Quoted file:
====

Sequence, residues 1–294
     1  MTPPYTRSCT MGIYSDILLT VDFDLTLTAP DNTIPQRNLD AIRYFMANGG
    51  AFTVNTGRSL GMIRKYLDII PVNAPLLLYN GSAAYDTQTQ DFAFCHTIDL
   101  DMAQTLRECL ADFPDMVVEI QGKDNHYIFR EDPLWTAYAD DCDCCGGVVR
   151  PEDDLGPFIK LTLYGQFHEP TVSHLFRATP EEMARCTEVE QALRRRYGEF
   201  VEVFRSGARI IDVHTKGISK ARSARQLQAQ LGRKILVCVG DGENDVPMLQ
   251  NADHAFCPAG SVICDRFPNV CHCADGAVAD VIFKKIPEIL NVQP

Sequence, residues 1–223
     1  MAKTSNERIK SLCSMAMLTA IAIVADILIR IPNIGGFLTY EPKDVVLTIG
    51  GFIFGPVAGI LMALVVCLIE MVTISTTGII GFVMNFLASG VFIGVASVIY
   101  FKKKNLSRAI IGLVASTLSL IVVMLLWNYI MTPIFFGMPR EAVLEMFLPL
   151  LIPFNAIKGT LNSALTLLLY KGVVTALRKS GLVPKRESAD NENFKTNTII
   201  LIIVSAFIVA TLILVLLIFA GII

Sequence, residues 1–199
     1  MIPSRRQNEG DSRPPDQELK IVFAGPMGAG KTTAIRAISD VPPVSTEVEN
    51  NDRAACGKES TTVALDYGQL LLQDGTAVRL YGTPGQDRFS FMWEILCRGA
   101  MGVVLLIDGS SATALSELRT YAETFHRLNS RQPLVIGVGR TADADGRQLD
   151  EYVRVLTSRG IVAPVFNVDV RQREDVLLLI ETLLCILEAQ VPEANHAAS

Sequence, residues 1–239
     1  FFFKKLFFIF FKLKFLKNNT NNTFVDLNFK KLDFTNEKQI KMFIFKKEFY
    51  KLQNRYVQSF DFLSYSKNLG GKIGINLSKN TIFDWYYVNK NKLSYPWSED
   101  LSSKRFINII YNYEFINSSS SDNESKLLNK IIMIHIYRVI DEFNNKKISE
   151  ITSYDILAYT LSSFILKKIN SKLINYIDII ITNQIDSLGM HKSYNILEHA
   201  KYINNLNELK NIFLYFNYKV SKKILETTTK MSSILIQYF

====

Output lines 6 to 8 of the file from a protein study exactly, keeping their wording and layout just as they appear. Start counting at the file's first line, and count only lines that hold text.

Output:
   201  VEVFRSGARI IDVHTKGISK ARSARQLQAQ LGRKILVCVG DGENDVPMLQ
   251  NADHAFCPAG SVICDRFPNV CHCADGAVAD VIFKKIPEIL NVQP

Sequence, residues 1–223